For 2010, it is expected to be 87,000 LTL (36,000 USD). 
JUSTICE:  From January to August, the ministry saw its budget 
decline by 23 percent, from 96.7 million litas (40 million 
USD) to 70 million litas (29 million USD).  Salaries have 
been cut, on average, by 14 percent.  The ministry laid off 
23 employees and one vacant position was eliminated.  Program 
funding has been slashed with monies to improve the legal 
system declining by 23 percent, training for judges by 16 
percent, and IPR protection efforts by 16 percent. 
SOCIAL SECURITY AND LABOR:  The ministry saw its overall 
budget drop by 1.7 percent but salaries were reduced by about 
13 percent.  Pensions and support for children were unchanged 
but a program to help handicapped persons integrate into 
general society saw a cut of 11 percent, money to pay for the 
infrastructure to deliver social services like labor exchange 
offices was cut by 15 percent, and youth program funding was 
cut by 20 percent.  The ministry may be able to alleviate 
some of the budget gaps with EU funding. 
TRANSPORT AND COMMUNICATIONS:  Most ministry employees have 
experienced 15 percent wage cuts.  The overall wage budget 
was cut 14 percent and property acquisition saw a 40 percent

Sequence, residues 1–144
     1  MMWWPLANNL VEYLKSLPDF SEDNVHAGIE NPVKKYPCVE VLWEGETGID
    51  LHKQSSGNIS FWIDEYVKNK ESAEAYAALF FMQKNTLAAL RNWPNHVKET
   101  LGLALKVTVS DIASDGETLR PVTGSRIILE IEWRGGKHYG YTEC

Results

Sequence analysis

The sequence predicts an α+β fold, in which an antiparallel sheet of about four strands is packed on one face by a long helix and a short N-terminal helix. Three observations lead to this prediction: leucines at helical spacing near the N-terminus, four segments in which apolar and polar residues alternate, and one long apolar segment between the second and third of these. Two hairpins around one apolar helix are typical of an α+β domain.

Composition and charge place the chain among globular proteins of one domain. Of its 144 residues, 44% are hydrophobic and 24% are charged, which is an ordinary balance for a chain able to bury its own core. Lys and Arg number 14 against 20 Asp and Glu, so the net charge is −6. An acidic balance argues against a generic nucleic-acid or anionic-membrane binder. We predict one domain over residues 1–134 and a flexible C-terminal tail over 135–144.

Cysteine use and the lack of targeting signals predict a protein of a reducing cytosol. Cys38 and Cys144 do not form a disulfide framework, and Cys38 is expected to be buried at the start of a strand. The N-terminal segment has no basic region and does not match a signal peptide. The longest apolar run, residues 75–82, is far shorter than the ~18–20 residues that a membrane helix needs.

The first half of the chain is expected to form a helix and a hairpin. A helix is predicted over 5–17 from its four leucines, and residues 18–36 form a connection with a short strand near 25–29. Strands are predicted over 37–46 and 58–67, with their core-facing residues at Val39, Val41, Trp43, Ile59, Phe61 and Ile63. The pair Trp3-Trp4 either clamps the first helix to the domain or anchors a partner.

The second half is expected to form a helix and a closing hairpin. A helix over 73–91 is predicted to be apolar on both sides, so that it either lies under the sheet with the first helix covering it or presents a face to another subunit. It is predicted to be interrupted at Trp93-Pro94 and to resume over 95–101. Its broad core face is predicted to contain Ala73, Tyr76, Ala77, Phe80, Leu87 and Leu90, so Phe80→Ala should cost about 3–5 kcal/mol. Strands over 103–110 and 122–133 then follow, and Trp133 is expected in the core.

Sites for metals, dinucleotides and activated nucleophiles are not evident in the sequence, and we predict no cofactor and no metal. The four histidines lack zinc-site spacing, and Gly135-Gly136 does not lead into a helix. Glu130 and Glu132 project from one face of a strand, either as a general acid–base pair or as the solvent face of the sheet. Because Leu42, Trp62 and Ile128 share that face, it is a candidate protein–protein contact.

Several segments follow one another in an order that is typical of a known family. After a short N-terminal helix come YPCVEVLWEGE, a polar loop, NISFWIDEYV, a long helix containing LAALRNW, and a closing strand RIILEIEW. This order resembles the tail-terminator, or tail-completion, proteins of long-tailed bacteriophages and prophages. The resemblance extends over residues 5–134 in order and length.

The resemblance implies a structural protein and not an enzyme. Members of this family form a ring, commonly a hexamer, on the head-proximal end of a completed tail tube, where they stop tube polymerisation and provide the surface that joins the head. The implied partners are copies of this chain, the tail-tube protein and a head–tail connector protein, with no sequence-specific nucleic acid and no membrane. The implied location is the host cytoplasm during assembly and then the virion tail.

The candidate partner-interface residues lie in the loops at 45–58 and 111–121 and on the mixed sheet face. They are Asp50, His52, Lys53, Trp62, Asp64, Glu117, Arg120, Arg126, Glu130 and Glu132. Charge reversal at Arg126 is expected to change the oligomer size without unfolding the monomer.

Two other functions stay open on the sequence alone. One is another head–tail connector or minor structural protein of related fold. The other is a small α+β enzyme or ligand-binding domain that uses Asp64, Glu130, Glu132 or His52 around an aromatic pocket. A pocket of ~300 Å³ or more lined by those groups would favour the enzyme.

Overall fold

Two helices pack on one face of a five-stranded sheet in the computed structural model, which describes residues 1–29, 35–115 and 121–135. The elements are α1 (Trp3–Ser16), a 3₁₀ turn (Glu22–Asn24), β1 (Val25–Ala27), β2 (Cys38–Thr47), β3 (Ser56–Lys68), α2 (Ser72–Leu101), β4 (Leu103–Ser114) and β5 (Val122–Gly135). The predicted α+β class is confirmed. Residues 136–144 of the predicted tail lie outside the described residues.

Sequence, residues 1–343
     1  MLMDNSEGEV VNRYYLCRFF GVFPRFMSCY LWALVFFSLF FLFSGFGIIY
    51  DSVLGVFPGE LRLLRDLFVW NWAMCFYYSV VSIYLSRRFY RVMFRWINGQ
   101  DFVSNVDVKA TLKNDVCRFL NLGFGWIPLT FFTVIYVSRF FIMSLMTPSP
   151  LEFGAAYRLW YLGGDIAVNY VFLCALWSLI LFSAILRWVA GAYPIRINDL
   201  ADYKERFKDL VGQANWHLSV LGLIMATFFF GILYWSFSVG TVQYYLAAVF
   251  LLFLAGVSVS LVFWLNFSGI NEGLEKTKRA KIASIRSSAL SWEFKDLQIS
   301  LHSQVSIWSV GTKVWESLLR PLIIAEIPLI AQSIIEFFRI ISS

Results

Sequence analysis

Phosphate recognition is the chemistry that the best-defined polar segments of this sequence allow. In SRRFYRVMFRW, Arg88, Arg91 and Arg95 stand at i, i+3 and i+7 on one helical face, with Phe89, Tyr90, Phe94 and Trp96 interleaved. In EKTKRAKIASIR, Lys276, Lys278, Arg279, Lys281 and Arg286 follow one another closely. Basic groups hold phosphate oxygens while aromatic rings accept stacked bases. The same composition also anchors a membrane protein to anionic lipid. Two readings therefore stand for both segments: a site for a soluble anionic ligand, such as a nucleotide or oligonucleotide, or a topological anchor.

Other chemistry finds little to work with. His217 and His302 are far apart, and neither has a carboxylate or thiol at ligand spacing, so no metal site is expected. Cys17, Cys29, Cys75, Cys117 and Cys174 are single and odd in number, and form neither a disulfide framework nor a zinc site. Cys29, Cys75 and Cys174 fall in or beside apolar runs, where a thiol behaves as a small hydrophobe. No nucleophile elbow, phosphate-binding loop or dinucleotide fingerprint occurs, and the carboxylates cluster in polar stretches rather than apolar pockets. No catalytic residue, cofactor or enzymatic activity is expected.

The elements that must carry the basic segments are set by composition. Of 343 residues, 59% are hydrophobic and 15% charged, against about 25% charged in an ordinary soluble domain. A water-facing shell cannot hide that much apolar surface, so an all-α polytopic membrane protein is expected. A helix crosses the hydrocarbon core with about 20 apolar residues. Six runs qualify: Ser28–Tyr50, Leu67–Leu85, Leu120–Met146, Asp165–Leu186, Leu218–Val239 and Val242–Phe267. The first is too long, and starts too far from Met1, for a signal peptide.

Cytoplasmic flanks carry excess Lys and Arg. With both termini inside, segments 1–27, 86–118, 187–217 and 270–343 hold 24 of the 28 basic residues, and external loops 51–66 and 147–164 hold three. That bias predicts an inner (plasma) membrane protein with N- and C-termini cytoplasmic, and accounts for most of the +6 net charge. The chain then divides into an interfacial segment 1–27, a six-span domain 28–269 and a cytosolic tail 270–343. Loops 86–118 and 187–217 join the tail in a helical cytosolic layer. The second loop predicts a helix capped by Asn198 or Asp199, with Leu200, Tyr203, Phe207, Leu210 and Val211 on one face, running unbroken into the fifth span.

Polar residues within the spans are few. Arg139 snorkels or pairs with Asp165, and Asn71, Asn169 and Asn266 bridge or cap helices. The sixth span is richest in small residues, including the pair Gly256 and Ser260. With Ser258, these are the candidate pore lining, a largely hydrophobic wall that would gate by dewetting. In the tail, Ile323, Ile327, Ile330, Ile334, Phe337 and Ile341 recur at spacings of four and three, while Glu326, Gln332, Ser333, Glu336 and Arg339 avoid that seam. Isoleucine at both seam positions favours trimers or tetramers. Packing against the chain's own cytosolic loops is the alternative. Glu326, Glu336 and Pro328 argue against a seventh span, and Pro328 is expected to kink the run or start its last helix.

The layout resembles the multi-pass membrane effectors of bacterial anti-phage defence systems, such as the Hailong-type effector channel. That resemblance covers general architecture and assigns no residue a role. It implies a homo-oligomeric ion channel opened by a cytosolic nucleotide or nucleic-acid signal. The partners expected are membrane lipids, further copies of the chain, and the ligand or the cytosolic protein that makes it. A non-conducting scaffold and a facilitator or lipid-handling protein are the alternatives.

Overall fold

decline.  The ministry's Roads Supervision and Development 
Program that provides for the renovation of roads and 
streets, prevention of road accidents, safety prevention, 
etc., experienced a 30 percent budget cut.  The ministry 
anticipates replacing some of the cuts with a 411 million LTL 
(171 million USD) allocation of 2009-2013 EU structural funds. 
¶7.  (U) The President's office was not spared budget cuts, 
with press reporting that President Grybauskaite restructured 
the office and slashed some privileges for staff to save 
about 3 million litas (1.25 million USD).  Fifteen percent of 
the jobs in the President's office are being cut, government 
owned automobile usage has been restricted to trips to and 
from the office and not for the staffs' commute, employees 
have been ordered to reduce their mobile telephone usage by a 
third, promotional spending will be slashed from 2.5 million